Despite the fact that blood oxygenation level dependent (BOLD) functional magnetic resonance imaging (fMRI) studies have become ubiquitous and are of ever increasing importance for clinical and basic neurosciences, the fundamental relationships between BOLD and the underlying neuronal physiology are not understood. This raises severe concerns about the validity of BOLD contrast per se, and the conceptual frameworks currently employed in interpreting cognitive neuroimaging data. In order to expand the explanatory power of functional MRI data, several crucial questions will have to be addressed. The two most important questions are: First, what is the ultimate spatial resolution of fMRI? And secondly, what is the "neural correlate" of functional MRI? This article attempts to compile a series of results from our and other laboratories, suggesting that both the questions of "spatial specificity" and "neural correlate" might be within the reach of a tentative solution, thus finally bridging the gap between functional neuroimaging and neuronal physiology.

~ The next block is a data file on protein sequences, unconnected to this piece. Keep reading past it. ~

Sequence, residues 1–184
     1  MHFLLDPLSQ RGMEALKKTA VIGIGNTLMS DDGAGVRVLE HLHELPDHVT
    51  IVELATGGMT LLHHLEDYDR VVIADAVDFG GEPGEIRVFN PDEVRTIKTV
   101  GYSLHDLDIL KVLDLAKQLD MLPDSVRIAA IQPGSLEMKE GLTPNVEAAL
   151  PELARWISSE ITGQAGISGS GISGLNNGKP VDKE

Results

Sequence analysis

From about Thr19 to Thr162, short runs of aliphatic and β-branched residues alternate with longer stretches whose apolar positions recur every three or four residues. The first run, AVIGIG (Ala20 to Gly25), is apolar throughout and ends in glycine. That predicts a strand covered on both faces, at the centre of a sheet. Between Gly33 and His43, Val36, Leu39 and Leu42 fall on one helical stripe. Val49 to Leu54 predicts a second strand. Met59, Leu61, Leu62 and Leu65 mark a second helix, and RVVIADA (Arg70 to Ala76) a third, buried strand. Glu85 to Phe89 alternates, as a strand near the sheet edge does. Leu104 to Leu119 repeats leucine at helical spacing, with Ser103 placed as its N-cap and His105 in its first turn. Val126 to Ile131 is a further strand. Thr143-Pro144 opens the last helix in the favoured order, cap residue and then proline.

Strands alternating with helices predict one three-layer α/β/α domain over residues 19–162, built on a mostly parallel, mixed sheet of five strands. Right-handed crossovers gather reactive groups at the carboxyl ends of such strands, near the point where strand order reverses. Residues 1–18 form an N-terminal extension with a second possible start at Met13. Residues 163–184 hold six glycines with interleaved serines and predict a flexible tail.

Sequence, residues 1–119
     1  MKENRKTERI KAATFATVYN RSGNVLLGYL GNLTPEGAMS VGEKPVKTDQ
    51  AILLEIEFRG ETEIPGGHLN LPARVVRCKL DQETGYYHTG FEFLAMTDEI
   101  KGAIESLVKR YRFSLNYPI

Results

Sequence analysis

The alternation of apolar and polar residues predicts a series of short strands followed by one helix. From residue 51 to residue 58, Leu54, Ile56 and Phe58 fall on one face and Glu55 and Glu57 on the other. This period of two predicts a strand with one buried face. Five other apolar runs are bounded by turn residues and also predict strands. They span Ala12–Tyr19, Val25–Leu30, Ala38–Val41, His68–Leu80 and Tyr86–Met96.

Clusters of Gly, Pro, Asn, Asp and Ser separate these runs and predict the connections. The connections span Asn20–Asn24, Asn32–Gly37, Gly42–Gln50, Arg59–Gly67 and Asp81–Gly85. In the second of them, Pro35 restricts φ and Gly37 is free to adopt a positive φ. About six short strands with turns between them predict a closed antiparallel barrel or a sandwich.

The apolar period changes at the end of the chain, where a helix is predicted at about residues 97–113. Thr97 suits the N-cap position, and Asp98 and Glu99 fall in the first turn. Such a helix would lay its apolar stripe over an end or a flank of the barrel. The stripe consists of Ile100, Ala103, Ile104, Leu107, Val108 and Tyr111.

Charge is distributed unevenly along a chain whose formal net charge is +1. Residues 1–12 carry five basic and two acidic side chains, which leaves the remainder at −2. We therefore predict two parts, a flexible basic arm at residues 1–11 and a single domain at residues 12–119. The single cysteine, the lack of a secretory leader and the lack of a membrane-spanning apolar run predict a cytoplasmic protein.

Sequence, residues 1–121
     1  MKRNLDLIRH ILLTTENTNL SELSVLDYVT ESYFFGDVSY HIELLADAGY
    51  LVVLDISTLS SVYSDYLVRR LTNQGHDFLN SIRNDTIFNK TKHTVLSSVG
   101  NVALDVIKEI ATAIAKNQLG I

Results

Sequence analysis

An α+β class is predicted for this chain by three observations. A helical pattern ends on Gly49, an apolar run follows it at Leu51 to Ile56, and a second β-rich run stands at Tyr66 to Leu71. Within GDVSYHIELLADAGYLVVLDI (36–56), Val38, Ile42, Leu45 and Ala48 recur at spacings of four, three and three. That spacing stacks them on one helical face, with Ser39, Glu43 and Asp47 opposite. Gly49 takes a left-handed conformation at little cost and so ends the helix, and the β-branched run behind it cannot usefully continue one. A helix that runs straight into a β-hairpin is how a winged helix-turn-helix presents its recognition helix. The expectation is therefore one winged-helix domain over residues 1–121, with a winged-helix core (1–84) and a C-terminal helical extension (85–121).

Bibliographical noteFunding Information:
I would like thank Drs T. Duong, S-G Kim, I. Ronen, H. Merkle, and L.J. Toth for their support during the experimental works. This work was funded by the NIH (RR08079; MH61937), The Keck Foundation, The Minnesota Medical Foundation, NARSAD, and The Whitaker Foundation.
- BOLD specificity
- Cat visual cortex
- Neural correlate